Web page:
techniques, as well as ways to measure their structure and chemistry, a priority effort at advanced x-ray light sources. The future security of our nation’s most powerful weapons may depend on our ability to reproduce the plasma conditions of a fusion bomb in the tiny focus of a powerful laser. And, controlling that plasma is key to harnessing its power for beneficial uses.

These last thoughts underscore how much AMO science is also about tools. Instruments made possible by AMO science and related technical developments are today everywhere in experimental science—from astronomy to zoology. In many instances they have made possible revolutionary experiments or observations and resulted in correspondingly revolutionary new understandings.

In approaching its charge, the committee identified, from among the many important and relevant issues, six broad grand challenges that succinctly describe key scientific opportunities available to AMO science. Surmounting these challenges will require important advances in both experiment and theory. Each of these science opportunities is linked closely to new tools that will also help in meeting critical national needs.

The six grand challenges, summarized below, will each form a chapter of the committee’s final report:

  • What is the nature of physical law? What are the undiscovered laws of physics beyond our current model of the physical world? Recent advances in our understanding of the universe suggest the existence of an unexpected force that alters the fundamental symmetry of time. This tiny effect could be seen in the next decade in experiments that look for deviations in the nearly perfect symmetry found in atoms. Are the laws of physics constant over time or across the universe? A new generation of ultraprecise clocks will enable laboratory searches for time variation of fundamental constants. Answers will also come from AMO research that is helping to interpret astrophysical observations of the most exotic realms in the universe. The advanced technologies developed for fundamental physics experiments will also improve the accuracy of direct gravity-wave detection and of next-generation GPS satellites and will produce new medical diagnostics.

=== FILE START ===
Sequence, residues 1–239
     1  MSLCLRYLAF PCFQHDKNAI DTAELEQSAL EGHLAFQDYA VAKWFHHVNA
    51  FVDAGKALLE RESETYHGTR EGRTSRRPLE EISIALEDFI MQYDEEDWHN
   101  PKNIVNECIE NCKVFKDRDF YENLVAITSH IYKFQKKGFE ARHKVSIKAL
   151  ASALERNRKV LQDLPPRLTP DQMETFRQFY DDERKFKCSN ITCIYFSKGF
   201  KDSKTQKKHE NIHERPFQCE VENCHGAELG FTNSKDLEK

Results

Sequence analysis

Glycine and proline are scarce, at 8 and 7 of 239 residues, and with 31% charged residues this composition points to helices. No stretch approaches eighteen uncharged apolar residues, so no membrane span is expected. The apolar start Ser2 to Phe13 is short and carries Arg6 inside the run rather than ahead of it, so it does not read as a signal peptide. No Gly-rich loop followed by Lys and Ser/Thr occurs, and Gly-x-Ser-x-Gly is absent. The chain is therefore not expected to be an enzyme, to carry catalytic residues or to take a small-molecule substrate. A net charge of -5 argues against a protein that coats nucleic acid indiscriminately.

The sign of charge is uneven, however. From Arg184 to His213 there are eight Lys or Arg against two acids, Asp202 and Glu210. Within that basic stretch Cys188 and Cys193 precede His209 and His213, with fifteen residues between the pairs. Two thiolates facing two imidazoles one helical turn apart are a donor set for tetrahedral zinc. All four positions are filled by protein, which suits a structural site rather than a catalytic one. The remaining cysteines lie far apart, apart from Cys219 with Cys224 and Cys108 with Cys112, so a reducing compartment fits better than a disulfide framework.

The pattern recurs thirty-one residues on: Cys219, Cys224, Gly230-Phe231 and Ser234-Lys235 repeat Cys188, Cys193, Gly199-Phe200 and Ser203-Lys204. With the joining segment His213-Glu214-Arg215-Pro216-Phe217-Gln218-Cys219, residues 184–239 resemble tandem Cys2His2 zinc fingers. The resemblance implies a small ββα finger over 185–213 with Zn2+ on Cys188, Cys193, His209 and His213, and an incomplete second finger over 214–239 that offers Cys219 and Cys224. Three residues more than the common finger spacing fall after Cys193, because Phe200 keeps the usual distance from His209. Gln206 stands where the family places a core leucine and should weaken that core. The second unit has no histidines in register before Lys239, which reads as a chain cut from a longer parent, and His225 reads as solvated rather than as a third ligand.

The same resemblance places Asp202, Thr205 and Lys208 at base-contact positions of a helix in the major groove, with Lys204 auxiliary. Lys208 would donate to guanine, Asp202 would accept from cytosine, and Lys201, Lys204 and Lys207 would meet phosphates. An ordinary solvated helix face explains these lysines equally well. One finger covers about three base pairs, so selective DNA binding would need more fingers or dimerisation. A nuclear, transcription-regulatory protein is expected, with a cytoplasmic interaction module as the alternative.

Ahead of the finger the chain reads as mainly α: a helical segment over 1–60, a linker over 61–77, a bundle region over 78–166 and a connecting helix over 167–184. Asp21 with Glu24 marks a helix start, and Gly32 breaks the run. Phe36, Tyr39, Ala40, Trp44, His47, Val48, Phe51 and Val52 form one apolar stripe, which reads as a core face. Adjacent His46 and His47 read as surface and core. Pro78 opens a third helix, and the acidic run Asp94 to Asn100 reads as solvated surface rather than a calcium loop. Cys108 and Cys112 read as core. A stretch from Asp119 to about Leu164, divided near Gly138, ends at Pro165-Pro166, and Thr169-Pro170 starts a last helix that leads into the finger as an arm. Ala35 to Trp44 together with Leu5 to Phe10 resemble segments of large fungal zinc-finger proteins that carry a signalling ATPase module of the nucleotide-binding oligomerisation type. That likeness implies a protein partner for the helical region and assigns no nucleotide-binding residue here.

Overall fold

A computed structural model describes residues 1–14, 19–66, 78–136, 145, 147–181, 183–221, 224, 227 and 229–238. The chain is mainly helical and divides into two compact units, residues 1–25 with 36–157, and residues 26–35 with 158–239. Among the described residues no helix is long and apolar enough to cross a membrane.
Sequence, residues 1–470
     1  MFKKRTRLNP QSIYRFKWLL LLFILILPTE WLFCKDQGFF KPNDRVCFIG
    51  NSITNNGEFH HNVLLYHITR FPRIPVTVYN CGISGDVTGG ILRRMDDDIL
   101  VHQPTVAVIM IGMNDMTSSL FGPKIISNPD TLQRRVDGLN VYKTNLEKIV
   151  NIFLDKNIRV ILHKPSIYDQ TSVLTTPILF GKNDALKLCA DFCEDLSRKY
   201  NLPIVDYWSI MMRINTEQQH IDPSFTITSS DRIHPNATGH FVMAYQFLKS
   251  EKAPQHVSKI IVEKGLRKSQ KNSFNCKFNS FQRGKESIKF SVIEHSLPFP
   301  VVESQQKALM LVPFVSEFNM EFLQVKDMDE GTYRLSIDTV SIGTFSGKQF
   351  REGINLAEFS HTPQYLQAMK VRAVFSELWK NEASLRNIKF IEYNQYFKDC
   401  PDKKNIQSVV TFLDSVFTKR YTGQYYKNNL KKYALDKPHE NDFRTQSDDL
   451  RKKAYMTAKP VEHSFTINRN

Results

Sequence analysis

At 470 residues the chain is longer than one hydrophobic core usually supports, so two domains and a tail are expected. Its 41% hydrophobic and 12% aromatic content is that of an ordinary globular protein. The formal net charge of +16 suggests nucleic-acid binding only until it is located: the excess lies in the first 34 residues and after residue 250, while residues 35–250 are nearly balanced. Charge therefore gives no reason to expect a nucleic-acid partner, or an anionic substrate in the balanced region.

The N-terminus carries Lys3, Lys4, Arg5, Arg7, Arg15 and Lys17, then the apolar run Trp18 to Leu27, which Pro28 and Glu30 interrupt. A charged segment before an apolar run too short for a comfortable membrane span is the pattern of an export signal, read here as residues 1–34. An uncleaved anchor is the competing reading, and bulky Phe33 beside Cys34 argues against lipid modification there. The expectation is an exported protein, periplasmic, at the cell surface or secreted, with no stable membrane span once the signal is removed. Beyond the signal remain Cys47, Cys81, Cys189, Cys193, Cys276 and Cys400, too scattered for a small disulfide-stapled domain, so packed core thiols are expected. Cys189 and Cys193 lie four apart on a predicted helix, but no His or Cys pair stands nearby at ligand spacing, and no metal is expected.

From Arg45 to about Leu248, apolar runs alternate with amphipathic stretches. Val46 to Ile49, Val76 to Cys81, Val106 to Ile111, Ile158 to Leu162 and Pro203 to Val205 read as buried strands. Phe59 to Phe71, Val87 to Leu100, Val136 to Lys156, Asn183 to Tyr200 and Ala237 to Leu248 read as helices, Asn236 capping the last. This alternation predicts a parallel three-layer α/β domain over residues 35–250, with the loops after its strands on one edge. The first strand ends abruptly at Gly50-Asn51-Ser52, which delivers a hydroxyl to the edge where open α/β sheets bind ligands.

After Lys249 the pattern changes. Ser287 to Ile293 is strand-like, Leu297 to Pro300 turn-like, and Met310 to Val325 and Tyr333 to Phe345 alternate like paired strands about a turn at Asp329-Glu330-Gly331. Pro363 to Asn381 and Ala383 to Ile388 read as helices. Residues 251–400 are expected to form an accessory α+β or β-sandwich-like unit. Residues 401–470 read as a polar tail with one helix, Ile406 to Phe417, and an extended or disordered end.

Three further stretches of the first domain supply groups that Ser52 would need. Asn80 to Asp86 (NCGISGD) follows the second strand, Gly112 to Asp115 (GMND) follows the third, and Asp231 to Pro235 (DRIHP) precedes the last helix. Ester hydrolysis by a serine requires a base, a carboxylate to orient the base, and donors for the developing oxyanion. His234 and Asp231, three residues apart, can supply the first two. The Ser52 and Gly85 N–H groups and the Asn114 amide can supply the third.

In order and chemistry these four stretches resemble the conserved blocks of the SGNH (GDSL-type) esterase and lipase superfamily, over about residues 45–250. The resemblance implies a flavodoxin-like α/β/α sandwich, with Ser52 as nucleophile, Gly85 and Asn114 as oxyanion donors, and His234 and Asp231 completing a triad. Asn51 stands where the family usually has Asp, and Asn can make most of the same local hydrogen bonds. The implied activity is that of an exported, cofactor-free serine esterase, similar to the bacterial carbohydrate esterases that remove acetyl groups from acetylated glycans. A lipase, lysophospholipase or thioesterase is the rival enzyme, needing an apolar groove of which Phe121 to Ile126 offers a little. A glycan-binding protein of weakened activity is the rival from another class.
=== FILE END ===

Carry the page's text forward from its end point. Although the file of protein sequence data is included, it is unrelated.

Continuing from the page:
• What happens at the lowest temperatures in the universe? The coldest objects in the universe are the Bose-Einstein condensates developed by AMO physicists in the last decade. These remarkable new states of matter, typically a billionth of a degree above absolute zero, are much colder than the furthest reaches of outer space. Scientists have discovered that they have strange and wonderful properties, and in the next decade we can expect a rich harvest of interesting new physics ideas and applications—from technological breakthroughs such as clocks and inertial sensors of unprecedented accuracy, to insights into the physics of ordinary matter as well as matter under extreme conditions. We are entering an age when we can routinely and exquisitely control nature on the quantum level. This quantum coherent control has already produced a matter-wave laser, which could advance gravitational and environmental sensing.



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